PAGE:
At least two rockets hit in the vicinity of the Green Zone as Brig. Gen. Mark Kimmitt was conducting a news briefing. The huge convention center shook as the rocket exploded. Reporters looked around nervously. Kimmitt raised his hand like a teacher stopping a class that was siring too quickly for recess. "That's a rocket," he said dryly. A second explosion shook the building. "A couple of rockets," he added.

    I didn't happen to catch the exact moment of the attacks, but this was the scene immediately preceding:

    I would have gotten a photo of the reporters ducking for cover but I was, er, busy.

    I am not the brightest bulb in the chandelier, but I have cut down pretty dramatically on my recreational travel outside of Baghdad until things settle back down. However, I have been slapping on my Battle-Rattle and zipping around Baghdad now and again.

    Last weekend I was invited to be on Tony Snow's Saturday show on the Fox News Channel. You know that Baghdad is eight hours ahead of Washington, DC so to be on at shortly after noon, I have to show up at the Fox bureau here - which is in the oft-shelled Sheraton Hotel - at about 8:00 pm.

    Last week I was supposed to follow a speech by President Bush which was to have begun at about noon and finished about 12:20.

    I stood on the balcony waiting patiently for the President to conclude his remarks, which went over - largely because the crowd interrupted just about every sentence with cheers and applause.

    At about the bottom of the hour, the producer came on the intercom and said that they were going to leave the President's speech, go to Tony Snow for a short re-cap then come to me in Baghdad.

    I said, "If you leave the President's speech to come to me, I will have to stay in Baghdad for the whole rest of my life."

    They saw the wisdom of my position and we agreed I would wend my way back to the Green Zone to be on another day.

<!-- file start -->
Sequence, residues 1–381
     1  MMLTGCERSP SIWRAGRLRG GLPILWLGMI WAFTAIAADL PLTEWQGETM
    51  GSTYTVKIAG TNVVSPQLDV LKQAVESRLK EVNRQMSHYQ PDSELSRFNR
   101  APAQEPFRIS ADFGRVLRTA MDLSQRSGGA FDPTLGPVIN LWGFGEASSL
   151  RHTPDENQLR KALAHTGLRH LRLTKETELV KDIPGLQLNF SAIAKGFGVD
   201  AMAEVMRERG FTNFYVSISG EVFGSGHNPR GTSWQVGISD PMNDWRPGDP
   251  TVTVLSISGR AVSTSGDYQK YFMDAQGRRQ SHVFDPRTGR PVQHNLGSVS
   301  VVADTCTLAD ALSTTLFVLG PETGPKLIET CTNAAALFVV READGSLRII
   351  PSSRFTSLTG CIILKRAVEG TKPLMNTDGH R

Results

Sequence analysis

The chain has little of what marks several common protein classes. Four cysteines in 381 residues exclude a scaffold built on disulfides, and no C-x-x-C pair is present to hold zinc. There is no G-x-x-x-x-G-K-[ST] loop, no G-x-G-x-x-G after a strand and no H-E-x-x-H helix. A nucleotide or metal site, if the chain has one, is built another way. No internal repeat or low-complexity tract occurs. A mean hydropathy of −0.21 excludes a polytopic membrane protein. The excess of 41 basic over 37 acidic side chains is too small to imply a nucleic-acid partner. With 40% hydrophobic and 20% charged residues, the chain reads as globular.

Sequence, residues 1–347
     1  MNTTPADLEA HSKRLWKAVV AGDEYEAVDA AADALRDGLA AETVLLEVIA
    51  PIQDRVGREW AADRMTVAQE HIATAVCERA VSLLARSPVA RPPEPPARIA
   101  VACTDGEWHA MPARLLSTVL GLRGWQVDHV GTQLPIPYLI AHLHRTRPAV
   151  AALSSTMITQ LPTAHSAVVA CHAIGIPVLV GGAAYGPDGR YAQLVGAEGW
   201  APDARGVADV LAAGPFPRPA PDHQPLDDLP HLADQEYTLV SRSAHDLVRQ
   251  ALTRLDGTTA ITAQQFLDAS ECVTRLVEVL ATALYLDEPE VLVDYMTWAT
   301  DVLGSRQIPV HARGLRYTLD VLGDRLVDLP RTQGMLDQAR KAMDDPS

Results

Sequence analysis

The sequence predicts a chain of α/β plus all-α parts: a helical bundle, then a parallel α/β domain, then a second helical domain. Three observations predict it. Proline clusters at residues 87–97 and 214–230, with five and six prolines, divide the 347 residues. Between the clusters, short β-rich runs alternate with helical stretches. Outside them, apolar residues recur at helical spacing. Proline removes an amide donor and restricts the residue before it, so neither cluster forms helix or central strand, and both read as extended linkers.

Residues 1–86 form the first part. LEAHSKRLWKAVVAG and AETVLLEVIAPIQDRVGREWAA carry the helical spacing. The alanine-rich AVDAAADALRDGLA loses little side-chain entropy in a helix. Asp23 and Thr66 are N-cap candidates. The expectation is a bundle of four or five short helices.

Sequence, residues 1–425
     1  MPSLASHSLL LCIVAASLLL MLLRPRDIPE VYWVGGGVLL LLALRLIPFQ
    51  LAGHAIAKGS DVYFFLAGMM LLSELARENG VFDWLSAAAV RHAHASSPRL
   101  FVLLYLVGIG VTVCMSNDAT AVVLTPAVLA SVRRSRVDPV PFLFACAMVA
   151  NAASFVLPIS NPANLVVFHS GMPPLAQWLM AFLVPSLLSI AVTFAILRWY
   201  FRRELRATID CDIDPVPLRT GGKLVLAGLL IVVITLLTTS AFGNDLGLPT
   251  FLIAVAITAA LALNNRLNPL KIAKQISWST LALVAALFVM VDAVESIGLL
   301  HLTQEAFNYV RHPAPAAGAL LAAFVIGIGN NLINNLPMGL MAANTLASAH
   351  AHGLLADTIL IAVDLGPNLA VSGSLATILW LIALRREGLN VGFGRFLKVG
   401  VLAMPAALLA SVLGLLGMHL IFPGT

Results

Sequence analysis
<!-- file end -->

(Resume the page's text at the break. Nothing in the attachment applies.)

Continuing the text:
The week before, however this is what it looked like from the TVs in the Green Room:

    Mullfoto by Maj. Missy Foss


    During the daylight hours I was invited to go on a mission to visit the gravesite of a woman named Gertrude Bell.

    Ms. Bell was quite a remarkable person and was a huge part of the founding of Iraq. In brief she was a high-born lady who, in the early 1900's attended Oxford and got a First in History - whatever that means; and went on a walkabout which took her to the Middle East.

    She fell in love with the area and, one suspects, with a guy named Prince Faisal. She was hired by the British as a spy during World War I, after which she in essence decided that this Prince Faisal would be the king of Iraq which kingdom's borders she largely drew.

    According to the Smithsonian Institution her association with King Faisal "earned her the title of 'Uncrowned Queen of Iraq.'"

    Anyway, her grave is located in a Christian cemetery in Baghdad. This is her grave:

    Note how Ranger Rick has gone undercover in his sneakers and fanny pack? He could blend in with the passengers on any cruise ship leaving from Ft. Lauderdale. Unfortunately there are no cruise ships in Baghdad so Ranger Rick might just as well have painted a target on his chest.